Award-winning filmmaker Kimberly Peirce, director of Boys Don't Cry, spoke to Deadline Hollywood, endorsing the work of Facing History and Ourselves and celebrating new documentary Matt Shepard is a Friend of Mine. Facing History hosts the film’s Los Angeles premiere October 8 at the Pacific Design Center.
On September 28, Facing History and Ourselves in Los Angeles hosted its second annual “Every Voice Matters” summit, which drew over 150 students, parents, teachers, and administrators from fifteen schools in Facing History’s Los Angeles Partnership Schools Network. Summit participants had the opportunity to screen the new animated short film Listening is an Act of Love, which depicts six stories from StoryCorps’ innovative ten-year oral history project. Each story reflects universal themes of identity, family, choices, and positive participation.
It’s been 15 years since college student Matthew Shepard was kidnapped, beaten, and left for dead on a Wyoming prairie. Shepard was attacked because of his sexual orientation, and his story cast a global media spotlight on the issue of anti-gay hate crimes. In fall 2013 debuted their new documentary, Matt Shepard is a Friend of Mine, with hopes to help students worldwide learn from Shepard’s death.
Three veteran social studies teachers in the Los Angeles area had some advice for new teachers including integrating strategies and resources from Facing History and Ourselves. Facing History, they wrote, is “among great web-based resources that can help you help your students to think critically about historical sources and what they find on the Internet.”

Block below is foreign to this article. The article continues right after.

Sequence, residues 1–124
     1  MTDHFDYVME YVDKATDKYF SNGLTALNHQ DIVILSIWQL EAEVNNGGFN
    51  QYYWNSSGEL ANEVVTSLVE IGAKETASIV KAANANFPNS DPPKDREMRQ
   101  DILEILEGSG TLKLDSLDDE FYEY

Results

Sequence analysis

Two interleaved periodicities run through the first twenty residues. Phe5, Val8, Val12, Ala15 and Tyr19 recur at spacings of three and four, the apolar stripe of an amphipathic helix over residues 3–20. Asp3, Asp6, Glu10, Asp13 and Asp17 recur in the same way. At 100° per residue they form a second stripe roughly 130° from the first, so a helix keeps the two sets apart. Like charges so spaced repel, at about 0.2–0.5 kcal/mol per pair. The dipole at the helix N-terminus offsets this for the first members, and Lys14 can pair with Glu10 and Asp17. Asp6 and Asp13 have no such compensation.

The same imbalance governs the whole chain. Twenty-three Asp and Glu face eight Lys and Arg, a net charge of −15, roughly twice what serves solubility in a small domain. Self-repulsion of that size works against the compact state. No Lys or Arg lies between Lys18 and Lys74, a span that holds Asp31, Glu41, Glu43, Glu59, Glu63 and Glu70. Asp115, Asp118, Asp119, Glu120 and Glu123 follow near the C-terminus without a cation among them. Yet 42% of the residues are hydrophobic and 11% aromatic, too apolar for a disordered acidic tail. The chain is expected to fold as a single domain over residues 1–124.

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Facing History and Ourselves
Los Angeles Educator Receives Facing History Funding to Host Conference on Armenian Genocide
Innovation grants honor 20 Facing History educators around the world
With the release of the critically-acclaimed documentary film BULLY on DVD in February, 2013, Facing History and Ourselves has introduced updated resources to accompany the film and to help educatorsdiscuss bullying and safe school communities in the classroom.
Facing History and Ourselves was highlighted on CNN’s Anderson Cooper 360 blog ahead of the February 28 premiere of The Bully Effect. This special documentary traces the journey of filmmaker Lee Hirsch, who spent a year in schools across the United States filming students, their families, school administrators, and community members. The resulting documentary, BULLY, offers an intimate, unflinching look at how bullying has touched five kids and their families.
Only a few weeks into the 2012/2013 school year, high school principal Bruce Bivins noticed an unsettling change on the Academy of Environmental and Social Policy (ESP) campus.
“As soon as school started, we began seeing an unprecedented increase in bullying behavior and talk,” the Los Angeles-based principal says. “Name-calling to peers, subtle bumping in the hallways, talking back to staff, students feeling harassed on the bus.”
How do you teach students to become better writers, readers, and critical thinkers? How can teachers meet the Common Core State Standards while still encouraging thoughtful and rigorous classroom discussion and student work?
The Los Angeles-based Jewish Journal recently featured the 20 semifinalists of Facing History and Ourselves’ Upstander Contest, which honors outstanding educators from secondary schools across the globe. One finalist, and winner of a $5,000 grant to continue work in their community, will be announced November 20, 2012.